Eli's Corner


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wisdom of the desert fathers

Over dinner last night with a couple of friends who happen to have theology degrees, I learned a little bit about the Desert Fathers.  Ascetics who eschewed the mainstreaming of Christianity by Constantine, these forebears of the monastic movement removed themselves to the desert to rediscover what their faith truly meant.  I think they were probably  a little cray-cray if we’re being honest.  But I looked them up this morning because I was intrigued.  Their torment was largely self-inflicted, but they discovered how to live in torment as a result.  And I’m taking a couple of notes.

“Sit in thy cell, and thy cell will teach thee all.”  As I have nowhere to be but my cell in the moment, I am willing myself to be taught by it.  As I am feeling more spent, vulnerable and powerless than I can remember feeling, I am making a conscious effort to ask for help.  As the people who I consider to be my support have demonstrated themselves to be clumsy and inept at helping me in this particular area of my life, I am learning to hold part of myself back as I reach for help.  As this process has alienated me from some of my closest friends, I am making an effort to be more honest.  As I know this may further hurt these relationships, I am standing by myself and not retreating to the safe territory of trying to make other people happy.  My cell has taught me this.  That sometimes I must need.  And some things I must hold back.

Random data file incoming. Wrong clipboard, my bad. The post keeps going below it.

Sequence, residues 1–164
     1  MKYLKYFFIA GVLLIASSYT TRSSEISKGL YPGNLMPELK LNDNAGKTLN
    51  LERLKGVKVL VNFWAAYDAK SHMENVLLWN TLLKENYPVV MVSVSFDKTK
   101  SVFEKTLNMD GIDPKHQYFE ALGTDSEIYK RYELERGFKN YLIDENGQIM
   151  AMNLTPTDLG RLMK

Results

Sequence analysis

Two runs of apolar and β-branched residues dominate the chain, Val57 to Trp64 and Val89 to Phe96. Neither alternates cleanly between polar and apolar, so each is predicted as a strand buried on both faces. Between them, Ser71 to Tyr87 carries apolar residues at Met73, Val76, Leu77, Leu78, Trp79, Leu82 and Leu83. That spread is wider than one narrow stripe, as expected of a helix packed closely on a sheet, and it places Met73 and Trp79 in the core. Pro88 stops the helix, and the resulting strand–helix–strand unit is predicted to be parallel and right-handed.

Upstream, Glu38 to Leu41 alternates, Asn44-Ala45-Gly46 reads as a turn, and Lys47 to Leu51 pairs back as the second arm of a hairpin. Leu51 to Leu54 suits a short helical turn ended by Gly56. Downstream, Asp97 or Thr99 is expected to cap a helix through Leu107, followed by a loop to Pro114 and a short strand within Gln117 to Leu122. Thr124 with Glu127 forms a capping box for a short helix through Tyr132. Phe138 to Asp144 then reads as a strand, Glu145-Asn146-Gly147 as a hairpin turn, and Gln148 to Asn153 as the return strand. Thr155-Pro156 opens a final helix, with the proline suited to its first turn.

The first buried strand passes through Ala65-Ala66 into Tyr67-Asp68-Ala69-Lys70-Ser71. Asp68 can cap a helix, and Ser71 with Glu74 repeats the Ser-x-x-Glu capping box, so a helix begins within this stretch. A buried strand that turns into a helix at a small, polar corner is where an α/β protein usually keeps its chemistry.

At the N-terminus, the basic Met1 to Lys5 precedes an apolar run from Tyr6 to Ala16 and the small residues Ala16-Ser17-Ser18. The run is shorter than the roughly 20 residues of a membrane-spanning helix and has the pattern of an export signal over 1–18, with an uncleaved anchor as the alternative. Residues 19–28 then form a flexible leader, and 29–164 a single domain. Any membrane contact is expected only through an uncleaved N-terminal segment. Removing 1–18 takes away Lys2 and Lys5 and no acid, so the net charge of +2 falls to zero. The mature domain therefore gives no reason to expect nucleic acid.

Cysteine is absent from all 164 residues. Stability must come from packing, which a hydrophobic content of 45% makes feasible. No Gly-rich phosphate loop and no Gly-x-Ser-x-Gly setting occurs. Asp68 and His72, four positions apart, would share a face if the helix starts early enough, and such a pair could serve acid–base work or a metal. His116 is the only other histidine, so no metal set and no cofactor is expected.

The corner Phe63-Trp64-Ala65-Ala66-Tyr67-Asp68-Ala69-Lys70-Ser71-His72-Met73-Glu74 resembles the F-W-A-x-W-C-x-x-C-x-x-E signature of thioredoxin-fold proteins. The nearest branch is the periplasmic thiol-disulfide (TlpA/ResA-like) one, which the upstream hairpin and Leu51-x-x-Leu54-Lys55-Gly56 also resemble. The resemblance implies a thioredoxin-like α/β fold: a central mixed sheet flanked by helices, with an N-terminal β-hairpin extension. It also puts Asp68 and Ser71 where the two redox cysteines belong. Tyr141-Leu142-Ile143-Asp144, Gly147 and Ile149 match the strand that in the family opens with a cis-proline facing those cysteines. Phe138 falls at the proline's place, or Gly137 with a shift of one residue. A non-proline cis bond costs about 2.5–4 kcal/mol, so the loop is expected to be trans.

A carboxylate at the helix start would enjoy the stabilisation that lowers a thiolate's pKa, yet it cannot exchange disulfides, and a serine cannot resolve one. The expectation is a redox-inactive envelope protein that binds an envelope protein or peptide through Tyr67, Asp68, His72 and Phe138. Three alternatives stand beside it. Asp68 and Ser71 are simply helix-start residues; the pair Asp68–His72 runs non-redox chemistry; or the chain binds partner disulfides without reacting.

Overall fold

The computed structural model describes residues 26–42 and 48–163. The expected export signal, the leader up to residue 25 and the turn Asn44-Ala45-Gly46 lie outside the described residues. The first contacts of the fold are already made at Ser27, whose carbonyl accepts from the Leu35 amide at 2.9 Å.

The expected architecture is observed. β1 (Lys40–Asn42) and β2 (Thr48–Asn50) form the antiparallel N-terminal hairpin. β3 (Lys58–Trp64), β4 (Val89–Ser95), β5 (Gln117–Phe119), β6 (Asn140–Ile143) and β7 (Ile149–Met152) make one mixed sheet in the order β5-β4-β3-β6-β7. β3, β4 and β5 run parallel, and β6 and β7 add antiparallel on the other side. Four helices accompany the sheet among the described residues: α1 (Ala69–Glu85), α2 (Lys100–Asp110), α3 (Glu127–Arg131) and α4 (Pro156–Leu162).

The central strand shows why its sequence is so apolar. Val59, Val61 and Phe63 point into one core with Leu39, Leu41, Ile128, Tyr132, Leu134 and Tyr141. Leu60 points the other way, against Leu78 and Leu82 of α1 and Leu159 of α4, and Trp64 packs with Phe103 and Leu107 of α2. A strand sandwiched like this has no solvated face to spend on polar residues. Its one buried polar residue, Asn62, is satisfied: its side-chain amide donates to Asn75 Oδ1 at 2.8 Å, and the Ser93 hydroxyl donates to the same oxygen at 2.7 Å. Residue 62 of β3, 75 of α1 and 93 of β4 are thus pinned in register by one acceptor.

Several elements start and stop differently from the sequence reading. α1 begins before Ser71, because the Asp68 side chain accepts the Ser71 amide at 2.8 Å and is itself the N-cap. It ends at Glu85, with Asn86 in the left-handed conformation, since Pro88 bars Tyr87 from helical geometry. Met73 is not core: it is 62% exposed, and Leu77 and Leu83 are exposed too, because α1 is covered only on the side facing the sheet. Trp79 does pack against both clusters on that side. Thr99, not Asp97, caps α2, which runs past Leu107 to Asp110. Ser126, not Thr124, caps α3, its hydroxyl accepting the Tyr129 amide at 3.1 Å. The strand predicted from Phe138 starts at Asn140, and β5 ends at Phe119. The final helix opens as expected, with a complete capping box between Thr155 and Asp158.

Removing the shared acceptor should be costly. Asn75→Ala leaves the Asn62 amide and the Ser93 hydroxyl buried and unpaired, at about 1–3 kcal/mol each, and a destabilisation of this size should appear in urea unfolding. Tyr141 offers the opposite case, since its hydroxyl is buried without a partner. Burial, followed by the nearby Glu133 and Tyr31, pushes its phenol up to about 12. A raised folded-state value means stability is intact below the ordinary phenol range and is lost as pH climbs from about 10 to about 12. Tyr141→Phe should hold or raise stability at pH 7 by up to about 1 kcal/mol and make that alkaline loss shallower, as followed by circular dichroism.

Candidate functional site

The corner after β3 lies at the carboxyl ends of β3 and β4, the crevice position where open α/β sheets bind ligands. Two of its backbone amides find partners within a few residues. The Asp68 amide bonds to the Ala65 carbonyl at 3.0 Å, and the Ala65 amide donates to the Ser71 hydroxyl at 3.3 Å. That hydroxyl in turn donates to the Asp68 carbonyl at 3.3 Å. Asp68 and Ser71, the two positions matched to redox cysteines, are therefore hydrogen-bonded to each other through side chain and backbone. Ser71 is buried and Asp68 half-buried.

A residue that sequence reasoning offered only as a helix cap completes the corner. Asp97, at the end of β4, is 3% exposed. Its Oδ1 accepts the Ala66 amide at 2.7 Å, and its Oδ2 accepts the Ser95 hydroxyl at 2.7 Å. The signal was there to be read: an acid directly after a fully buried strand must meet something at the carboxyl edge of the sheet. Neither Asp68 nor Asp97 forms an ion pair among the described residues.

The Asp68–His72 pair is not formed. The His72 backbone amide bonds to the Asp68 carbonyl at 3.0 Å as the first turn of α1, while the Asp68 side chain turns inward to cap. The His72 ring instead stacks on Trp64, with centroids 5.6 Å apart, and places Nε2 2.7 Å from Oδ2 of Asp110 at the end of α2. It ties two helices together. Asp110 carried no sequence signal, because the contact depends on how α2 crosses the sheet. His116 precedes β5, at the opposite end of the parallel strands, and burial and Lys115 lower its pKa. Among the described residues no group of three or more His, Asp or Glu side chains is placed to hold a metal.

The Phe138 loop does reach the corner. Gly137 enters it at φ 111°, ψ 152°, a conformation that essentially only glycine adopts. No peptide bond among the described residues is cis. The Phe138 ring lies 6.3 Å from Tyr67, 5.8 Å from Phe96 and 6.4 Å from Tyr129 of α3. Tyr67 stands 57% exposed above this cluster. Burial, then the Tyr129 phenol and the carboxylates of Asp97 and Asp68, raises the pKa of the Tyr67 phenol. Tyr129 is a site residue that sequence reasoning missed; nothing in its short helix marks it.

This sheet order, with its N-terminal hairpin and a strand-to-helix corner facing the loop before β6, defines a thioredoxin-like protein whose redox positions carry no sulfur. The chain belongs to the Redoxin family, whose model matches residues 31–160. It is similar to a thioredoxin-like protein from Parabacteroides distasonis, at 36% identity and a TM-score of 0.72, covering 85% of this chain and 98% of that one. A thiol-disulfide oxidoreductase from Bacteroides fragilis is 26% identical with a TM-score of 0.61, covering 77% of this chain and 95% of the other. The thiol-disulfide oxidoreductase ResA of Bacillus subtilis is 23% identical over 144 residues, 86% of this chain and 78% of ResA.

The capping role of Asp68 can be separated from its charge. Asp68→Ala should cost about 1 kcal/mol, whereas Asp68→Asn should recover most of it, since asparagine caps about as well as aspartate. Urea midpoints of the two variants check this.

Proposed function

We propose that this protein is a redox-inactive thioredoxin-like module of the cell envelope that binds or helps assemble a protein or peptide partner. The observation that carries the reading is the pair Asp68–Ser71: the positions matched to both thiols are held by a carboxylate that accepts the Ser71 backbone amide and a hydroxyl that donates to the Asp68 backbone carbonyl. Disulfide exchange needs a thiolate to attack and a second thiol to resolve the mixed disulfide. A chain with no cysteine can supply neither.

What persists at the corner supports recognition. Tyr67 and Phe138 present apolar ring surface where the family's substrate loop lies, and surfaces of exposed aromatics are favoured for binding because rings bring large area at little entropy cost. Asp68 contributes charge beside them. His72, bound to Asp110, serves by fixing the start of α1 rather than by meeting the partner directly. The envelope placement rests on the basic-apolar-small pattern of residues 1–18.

One father’s mantra was, “Today, today, today.”  He repeated it to himself over and over so as not to focus on terrors to come, but to only deal with what he was facing today.  I think I’m going to tattoo that backwards on my face.


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linea negra

Once you come up on a year, suddenly everything is an anniversary of some kind.  We were at the park yesterday for my niece’s second birthday, and I kept remembering her first birthday, playing volleyball and starting to black out every time I exerted myself and eventually having to quit (despite the fact that I was over the moon that people were willing to play volleyball).  Sharing knowing glances with my husband because we had this crazy awesome secret.